Dear:… A Healing Colouring Book: I literally harassed Danielle for her colouring book. Actually no, she was pregnant at the time, so we just spoke via Facebook messenger and I rushed over to Paper Based Bookshop in the nick of time to snag my copy. If she reprints the Wildflower Series Colouring Book I will get one because her illustrations are gorgeous.
James Hackett: It’s not out yet, but he says one is coming. I can’t wait.
Children’s Colouring Books
ZW Colouring Book: I discovered Zaidee Walker’s book randomly during a Sunday morning breakfast run to the San Antonio Green Market, which is right by me. Her drawings are simple, but the possibilities are endless. I bought 2. One for me, and gave the other to my co-worker’s daughter. It’s simply done, and you can probably beg her to produce a copy for you.
MacMillan’s Caribbean Colouring Books: The series still pops up, offering false hope, but the Caribbean Flowers book is out of print. The entire series seems to cater for a wide range of skills, like the Caribbean Carnivals book is suitable for a younger child but the Caribbean Flowers books seems more advanced.
The problem in the Caribbean is single print runs, so books go out of print very quickly even though the interest has far outlasted supply. To be fair though, interest can be a slow burn. I blame that on insufficient marketing, but I digress.
The new edition was edited by Danielle Delon, whose previous work includes The Letter’s of Margaret Mann. This is a re-publication of the 1907 edition of the book which takes you into the kitchens of named Creole and British immigrants living in Trinidad at the time.
The National Trust is selling the book for $425.00
Ian Fleming’s James Bond Based on Porfirio Rubirosa According to New Research by Forensic Historian Daniel J. Voelker.
Through a series of connections that include Noel Coward, Errol Flynn, Doris Duke, Rita Hayworth and a host of Caribbean locations, litigator and forensic historian Daniel J. Voelker has made a compelling case establishing mid-19th century playboy Porfirio Rubirosa as the primary model for Ian Fleming’s James Bond. Voelker is known for his groundbreaking findings that rewrote the history of the 1919 Chicago Black Sox scandal. The research has been gathered into an article: “Will the Real James Bond, Please Stand Up.”
Although Rubirosa’s name has been floated for years as a potential role model for Bond, Voelker traced the intersections of multiple early to mid-20th century personalities to add factual validation to the case. The reason Fleming may have never publicly admitted this is because he feared a racial…
On Friday I got to see Michel-Jean Cazabon’s paintings for the first time. I mean his actual paintings, not prints in a book, his hardwork was before me and it was an experience. Because I was there for work I didn’t get to take them in the way I’d want to, so I’ll have to go back before the exhibition closes on the 25th September.
Last year Prime Minister Dr. Keith Rowley announced the purchase of 10 paintings from Trinidadian 19th century artist Michel-Jean Cazabon. Those paintings, and 39 others are currently on display at the Diplomatic Centre. Viewing is free but you have to register at the National Museum for tickets.
Also on display are some of the Margaret Mann paintings. Mrs. Mann was the wife of a British captain, she was tutored by Cazabon. As was common, she wrote many letters to her family describing in great detail her life in Trinidad during the years 1847 and 1851. 87 letters to be exact. Which offers a rare female-centred view of life in the Caribbean in the 19th century. Along with her paintings, we have a an unparalleled peek into life in Trinidad during that time.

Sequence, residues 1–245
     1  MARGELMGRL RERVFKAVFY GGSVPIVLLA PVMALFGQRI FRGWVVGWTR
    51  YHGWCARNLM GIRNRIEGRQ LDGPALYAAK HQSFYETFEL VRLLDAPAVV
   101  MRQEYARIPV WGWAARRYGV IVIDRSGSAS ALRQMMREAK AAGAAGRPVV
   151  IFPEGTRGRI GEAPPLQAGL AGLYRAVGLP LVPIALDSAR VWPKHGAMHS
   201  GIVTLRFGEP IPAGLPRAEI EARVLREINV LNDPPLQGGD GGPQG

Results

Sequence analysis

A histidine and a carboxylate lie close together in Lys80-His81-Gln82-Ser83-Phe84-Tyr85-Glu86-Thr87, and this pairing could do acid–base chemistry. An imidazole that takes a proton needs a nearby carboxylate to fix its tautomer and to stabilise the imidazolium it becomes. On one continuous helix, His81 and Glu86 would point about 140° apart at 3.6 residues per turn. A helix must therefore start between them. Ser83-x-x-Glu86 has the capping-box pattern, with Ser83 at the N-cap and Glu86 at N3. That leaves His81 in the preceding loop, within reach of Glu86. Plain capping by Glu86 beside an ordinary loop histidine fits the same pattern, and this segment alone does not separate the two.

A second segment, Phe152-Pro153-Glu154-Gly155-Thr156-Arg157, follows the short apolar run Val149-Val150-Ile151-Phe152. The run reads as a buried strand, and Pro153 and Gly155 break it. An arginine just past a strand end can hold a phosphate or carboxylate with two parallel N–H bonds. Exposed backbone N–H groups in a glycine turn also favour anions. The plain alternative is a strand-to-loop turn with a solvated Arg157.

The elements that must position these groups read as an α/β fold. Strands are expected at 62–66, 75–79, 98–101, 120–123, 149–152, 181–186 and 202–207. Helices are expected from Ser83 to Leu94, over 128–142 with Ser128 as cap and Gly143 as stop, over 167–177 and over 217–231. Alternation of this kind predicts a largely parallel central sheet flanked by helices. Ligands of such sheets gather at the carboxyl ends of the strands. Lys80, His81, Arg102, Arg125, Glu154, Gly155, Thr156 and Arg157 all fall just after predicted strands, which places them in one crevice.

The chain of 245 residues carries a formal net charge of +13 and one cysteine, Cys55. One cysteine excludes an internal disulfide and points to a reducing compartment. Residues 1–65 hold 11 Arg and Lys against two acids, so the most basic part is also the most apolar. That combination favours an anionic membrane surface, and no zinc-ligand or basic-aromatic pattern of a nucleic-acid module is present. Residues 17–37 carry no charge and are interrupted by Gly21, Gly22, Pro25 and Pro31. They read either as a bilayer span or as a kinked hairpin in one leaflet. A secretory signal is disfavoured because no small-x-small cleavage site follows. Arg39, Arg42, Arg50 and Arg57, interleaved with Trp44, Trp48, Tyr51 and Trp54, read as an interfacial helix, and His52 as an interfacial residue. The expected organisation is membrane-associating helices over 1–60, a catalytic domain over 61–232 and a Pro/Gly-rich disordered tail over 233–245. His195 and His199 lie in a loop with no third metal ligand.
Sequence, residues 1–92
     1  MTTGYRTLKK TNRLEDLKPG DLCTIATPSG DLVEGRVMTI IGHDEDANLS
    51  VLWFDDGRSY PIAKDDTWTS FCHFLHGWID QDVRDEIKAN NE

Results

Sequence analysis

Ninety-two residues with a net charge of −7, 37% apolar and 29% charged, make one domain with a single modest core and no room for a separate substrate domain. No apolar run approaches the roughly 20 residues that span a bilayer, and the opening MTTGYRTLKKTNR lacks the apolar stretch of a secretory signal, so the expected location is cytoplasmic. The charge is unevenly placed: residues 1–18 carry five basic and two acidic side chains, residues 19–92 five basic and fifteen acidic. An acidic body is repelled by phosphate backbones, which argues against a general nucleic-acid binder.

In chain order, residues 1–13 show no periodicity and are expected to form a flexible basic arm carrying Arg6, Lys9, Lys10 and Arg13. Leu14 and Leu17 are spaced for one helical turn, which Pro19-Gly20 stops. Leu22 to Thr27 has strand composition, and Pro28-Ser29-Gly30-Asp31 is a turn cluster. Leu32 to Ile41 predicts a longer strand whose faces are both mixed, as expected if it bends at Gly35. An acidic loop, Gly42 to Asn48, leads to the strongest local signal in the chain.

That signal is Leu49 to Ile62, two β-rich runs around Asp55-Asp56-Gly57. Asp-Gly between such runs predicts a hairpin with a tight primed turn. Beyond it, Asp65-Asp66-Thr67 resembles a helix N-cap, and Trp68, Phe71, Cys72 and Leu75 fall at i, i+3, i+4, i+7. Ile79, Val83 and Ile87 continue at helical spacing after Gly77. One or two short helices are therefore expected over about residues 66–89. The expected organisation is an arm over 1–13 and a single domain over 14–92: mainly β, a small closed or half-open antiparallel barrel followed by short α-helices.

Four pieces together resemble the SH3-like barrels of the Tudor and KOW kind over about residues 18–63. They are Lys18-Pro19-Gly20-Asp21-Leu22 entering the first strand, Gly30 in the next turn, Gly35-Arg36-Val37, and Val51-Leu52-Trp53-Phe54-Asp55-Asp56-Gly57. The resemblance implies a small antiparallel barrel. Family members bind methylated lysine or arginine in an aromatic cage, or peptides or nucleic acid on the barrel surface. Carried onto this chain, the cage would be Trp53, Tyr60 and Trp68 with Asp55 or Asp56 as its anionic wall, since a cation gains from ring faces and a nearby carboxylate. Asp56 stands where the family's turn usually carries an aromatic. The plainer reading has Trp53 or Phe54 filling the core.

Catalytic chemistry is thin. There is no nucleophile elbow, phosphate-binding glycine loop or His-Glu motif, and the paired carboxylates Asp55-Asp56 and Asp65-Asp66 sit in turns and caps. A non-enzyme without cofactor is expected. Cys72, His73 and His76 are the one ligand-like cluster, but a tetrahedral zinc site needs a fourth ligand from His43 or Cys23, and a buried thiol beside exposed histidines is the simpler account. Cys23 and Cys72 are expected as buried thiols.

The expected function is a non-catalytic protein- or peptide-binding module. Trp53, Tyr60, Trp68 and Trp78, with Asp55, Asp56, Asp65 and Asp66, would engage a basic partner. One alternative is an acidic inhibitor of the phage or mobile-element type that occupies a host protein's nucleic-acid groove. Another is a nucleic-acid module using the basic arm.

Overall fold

Hopefully I have sparked your interest in everything Cazabon. If you want to learn more about him, do take advantage of the opportunity to see his work at the Diplomatic Centre. Also there are a lot of books available. Including Danielle Delon’s The Letters of Margaret Mann. Geoffery MacLean is the foremost expert on Michel-Jean Cazabon, he has written several including the official book accompaniment to the current exhibition called Cazabon Legacy. I think that they have settled on a price of $250 TTD. His older books include Cazabon: An Illustrated Biography of Trinidad’s Nineteenth Century Painter Michel-Jean Cazabon. The author Lawrence Scott’s Light Falling on Bamboo is the fictionalised retelling of the artist’s life, which is fascinating, to say the least. Geoffrey has shown me the divorce decree that Cazabon’s parents signed at the dissolution of their marriage.
There’s also Michel Jean Cazabon’s Book of Trinidad 1837, but at a bid price of $25,000 USD, it might be out of your reach.
More accessible is Gerard Besson’s detailed blog post on Cazabon, his life, his woes. You can read that here.
Moments like this make it seem that we’re getting better at valuing our history. In September, 2011 Citizens for Conservation restored his tomb in Lapeyrouse. According to Geoffery is could probably do with a touch-up, but it can be viewed. It’s on the 7th Street of the cemetary.
I have long promised not only will I read more, but I will read more books from one author. I have my favourites, like Maya Angelou’s autobiography, I own and have read the entire set, 2 of Chimamanda Ngozi Adichie novels, plus several of her magazine articles and essays. But I jump around so much, so I’ve only read Zadie’s White Teeth and her article on Jay-Z but On Beauty stands untouched on my bookshelf, and I’m only just introduced myself to Nalo Hopkinson.
I will change, I promise.
As many of you know, I’m trying to read a couple Zora Neale Hurston books to get deeper into her not-insignificant bibliography. But she’s not alone on the list of black women whose work I wish I could read and analyze full-time. Who wants to fund a PhD program for me to spend 100% of my time on the following 20 names?